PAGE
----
Controversial plans for a three-storey public housing block in central Kerikeri have been dropped in favour of a two-storey building with fewer apartments and more parking spaces.
The original proposal sparked widespread concerns. Just under 800 people turned up for the biggest public meeting in Kerikeri’s history, with another 375 following the event online.
Objectors cited the high density, the effects on a planned ring road and the lack of green space. They also worried about the effects on the town’s “social fabric” and residential developments taking over scarce commercial land.
On Thursday afternoon, Kāinga Ora (formerly Housing NZ) revealed that property developer Gemscott had modified its plans by reducing the size of the development from 12 apartments over three storeys to eight apartments over two storeys.
The parking layout had also been changed, creating space for two more cars.
It was revealed that the modified plan had already obtained resource consent from the Far North District Council.
Kāinga Ora Northland regional director Jeff Murray said the revised proposal reflected community feedback.
”We listened to a lot of feedback on this proposal, and in particular to queries about why a town the size of Kerikeri would need three-level apartments, and about safety concerns related to insufficient car parking on a relatively busy road.
“The changes mean we’re giving up four homes in the short-term, but I’m confident this demonstrates to the community that we can have genuine conversations about public housing in Kerikeri, and progress our other proposals in due course.”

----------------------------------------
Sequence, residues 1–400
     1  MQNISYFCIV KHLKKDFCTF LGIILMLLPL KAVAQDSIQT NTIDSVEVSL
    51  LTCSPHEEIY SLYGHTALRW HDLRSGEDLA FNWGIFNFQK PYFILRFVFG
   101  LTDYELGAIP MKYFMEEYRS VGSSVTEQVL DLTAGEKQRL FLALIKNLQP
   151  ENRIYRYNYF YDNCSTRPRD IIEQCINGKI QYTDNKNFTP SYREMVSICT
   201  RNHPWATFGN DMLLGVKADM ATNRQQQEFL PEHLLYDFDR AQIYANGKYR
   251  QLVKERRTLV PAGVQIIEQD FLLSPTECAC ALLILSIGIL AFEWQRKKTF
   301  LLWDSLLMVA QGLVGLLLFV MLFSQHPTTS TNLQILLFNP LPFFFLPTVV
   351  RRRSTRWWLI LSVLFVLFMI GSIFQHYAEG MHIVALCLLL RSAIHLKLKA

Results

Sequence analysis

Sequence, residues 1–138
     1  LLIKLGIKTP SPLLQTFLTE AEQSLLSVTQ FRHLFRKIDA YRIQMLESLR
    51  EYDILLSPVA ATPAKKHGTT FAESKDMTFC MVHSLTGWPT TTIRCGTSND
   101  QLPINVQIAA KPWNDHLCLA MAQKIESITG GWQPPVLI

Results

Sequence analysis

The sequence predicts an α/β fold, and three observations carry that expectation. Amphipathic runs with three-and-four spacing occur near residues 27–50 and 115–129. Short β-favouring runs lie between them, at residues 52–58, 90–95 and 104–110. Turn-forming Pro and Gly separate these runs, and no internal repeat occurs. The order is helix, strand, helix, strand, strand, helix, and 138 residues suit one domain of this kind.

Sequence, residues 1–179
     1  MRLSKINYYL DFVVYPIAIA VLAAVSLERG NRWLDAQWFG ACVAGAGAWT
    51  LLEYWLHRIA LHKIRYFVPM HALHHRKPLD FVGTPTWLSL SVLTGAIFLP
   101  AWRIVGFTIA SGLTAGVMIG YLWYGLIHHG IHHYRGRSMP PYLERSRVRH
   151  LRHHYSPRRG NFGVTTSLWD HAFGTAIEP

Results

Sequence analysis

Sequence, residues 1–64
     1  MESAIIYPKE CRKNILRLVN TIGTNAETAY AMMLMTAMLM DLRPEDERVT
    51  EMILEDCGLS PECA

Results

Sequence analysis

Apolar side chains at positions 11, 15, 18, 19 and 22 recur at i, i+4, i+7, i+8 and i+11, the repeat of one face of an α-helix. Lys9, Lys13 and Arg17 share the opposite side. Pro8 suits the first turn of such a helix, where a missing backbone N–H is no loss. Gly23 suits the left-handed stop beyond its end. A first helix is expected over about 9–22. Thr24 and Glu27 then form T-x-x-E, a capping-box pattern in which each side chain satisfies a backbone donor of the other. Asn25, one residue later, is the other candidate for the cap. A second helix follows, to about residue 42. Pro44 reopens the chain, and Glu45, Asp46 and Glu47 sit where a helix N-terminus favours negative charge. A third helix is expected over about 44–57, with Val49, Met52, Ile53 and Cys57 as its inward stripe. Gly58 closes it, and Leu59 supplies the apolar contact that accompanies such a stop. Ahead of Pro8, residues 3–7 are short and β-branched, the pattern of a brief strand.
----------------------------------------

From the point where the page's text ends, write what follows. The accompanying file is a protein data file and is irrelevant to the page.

The modified resource consent was lodged on May 24.
Given it was a modified version of a resource consent application already under consideration, it was not surprising the council was able to turn it around quite quickly, Murray said.
Gemscott project manager Tim Jennings said the revised design was better for the changes.
The consented design had eight two-bedroom units over two levels, with 16 car parks provided on-site and a truck turning bay. The overall landscaping area had also been increased.
The four ground-floor units would be fully wheelchair accessible.
The company would also update its plans for 5 Clark Rd and 4 King St and continue the consenting process later this month.
The original plans mooted 14 duplex townhouses across the two properties.
Murray said Kāinga Ora and Gemscott were still exploring options for those two sites and the consent applications remained on hold.
There was no timeline as yet for the construction of the apartment building at 3 Clark Rd.
Community groups Our Kerikeri and Vision Kerikeri, which organised the public meeting, have been approached for comment.